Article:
The Catalan government has decided to postpone some of its planned budget cuts until after the upcoming municipal council elections (read article in Castilian here, El Periodico). With less than a month to go before the elections on May 22nd, the Generalitat has temporarily thrown in the towel on some of the issues that have caused the most contention and problems for the members of the Executive Council of the government and, by extension, for the 911 mayoral candidates standing from the governing Convergència i Unió party. The decision particularly affects four areas: firstly public hospitals, the proposed cuts to which have provoked a large number of demonstrations, won't have their budget cuts confirmed today as had been planned, with the Generalitat saying that more negotiations with trade unions are necessary; secondly, some members of the government will not appear today in the lower chamber of the Catalan parliament (including health minister Boi Ruiz and deputy president Joana Ortega), to avoid giving opposition parties the chance to criticise the image of the government through them; the future of Catalan inheritance tax won't be voted on until after the municipal elections following controversy that has been caused by it [as a result of the government going back on its election promise to completely eradicate it, to instead say that it will stay in place in certain cases]; finally, the government has announced that it won't show the actual budget figures being worked on by finance minister Andreu Mas-Colell until after May 22nd, saying that it doesn't yet know what amount of income it has to play with. The Generalitat will once again today ask the Spanish government for the more than €1.4 billion it says Catalunya is owed from a competitiveness fund, which the Zapatero administration has so far refused to pay.
A Catalan farmer has unwittingly rescused a local breed of goat from extinction (read article in Castilian here, El Periodico). Although it was thought that the cabra catalana had died out in 2005, the farmer from the Pallars Jussà area (Lleida province) had a number of the animals in his herd, around half of which have now been bought by an association with the aim of safeguarding the breed's future. Antoni Pellisser, whose family has bred goats for many years close to the Montsec sierra, didn't know that he had around 40 of this breed, which has been particular to Catalunya and especially Lleida for centuries, amongst his herd. Now the Slow Food organisation has obtained 22 of the animals and transferred them to another part of Lleida province to undertake a conservation and reproduction project of the species to ensure its continuation. The first phase of the plan is to help the animals adapt to their new home, as they will now spend more time on the farm than grazing on mountains. Once they are settled in, there will be a period of breeding and selection of the best animals, whose milk will then be studied. Slow Food is hoping to start producing cheese using the goats' milk and will also put in place an 'adoption' scheme to help finance the conservation of the species, similar to that carried out a few years ago with the Catalan donkey.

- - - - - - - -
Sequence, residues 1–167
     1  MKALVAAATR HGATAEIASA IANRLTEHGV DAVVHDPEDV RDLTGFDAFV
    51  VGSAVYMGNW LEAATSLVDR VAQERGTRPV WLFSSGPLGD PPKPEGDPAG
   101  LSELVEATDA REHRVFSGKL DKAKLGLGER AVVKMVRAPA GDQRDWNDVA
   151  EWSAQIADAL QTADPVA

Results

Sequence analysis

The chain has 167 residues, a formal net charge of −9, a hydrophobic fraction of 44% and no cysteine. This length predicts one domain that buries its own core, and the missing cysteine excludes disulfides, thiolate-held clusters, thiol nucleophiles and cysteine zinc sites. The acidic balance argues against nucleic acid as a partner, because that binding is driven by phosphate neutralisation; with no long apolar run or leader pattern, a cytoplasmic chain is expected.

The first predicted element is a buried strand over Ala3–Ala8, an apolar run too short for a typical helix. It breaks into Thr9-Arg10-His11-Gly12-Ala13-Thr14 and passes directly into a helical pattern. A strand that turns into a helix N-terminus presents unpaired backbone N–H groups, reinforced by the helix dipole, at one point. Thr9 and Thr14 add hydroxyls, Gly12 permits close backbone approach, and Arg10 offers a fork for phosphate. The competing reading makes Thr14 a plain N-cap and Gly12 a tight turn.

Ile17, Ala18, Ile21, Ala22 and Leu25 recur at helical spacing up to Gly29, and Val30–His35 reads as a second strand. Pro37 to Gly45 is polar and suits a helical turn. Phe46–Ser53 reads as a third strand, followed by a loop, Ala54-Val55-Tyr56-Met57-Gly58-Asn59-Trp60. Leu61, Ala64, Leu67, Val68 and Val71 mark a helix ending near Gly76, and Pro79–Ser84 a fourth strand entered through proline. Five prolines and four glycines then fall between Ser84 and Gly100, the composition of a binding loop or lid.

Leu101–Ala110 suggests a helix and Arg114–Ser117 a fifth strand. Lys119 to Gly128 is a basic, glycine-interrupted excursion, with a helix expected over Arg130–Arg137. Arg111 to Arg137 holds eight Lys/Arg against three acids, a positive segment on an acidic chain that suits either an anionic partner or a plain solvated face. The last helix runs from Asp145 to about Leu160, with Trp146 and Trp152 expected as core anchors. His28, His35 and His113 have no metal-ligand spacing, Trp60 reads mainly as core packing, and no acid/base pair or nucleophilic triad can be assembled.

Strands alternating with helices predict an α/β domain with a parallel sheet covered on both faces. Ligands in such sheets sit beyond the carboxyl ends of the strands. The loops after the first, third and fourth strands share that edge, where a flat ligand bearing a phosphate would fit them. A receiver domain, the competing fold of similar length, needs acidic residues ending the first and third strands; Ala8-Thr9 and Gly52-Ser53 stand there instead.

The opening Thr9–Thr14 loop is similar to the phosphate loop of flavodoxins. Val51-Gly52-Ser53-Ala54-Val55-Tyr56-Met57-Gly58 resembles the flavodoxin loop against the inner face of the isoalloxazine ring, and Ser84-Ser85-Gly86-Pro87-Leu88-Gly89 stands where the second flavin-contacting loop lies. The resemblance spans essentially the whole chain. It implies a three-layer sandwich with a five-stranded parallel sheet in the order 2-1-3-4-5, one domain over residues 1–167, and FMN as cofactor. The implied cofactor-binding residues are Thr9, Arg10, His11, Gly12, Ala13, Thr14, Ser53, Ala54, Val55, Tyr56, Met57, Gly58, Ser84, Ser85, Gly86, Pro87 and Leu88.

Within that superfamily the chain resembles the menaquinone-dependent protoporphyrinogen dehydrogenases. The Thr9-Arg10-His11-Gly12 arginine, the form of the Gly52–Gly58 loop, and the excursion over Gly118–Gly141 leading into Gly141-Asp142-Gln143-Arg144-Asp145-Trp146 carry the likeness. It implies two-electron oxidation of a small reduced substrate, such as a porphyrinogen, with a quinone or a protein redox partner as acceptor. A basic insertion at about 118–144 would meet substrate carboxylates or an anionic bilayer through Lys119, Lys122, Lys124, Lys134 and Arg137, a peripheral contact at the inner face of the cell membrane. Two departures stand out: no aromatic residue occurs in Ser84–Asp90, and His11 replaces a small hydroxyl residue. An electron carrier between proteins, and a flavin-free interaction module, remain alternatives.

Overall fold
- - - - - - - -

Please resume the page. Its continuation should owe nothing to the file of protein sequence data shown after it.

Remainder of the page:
A private school in Catalunya has started using a sniffer dog to detect drugs on its premises (read article in Castilian here, La Vanguardia). The boarding-school in Tona, to the north of Barcelona and close to the Montseny natural park, has half its pupils in residence from Monday to Friday and has decided to deal with the issue of possible drug-taking by hiring three German shepherds, and their handlers. The private pilot scheme kicked off yesterday with the return to school following the Easter holidays. The school hasn't had a problem with drugs in the past but is concerned that students could become a target for dealers and so is taking the preventative action by hiring the dogs from the company APAK-9. With inspections of suitcases and the public areas of the school, the plan of the school's directors is to have an impact on the pupils with such measures to dissuade them from bringing drugs to the school, knowing that the dogs will sniff them out, and to let any dealers planning to target the students know that dogs are there. Some public schools in Catalunya have used sniffer dogs in the past, in collaboration with the police.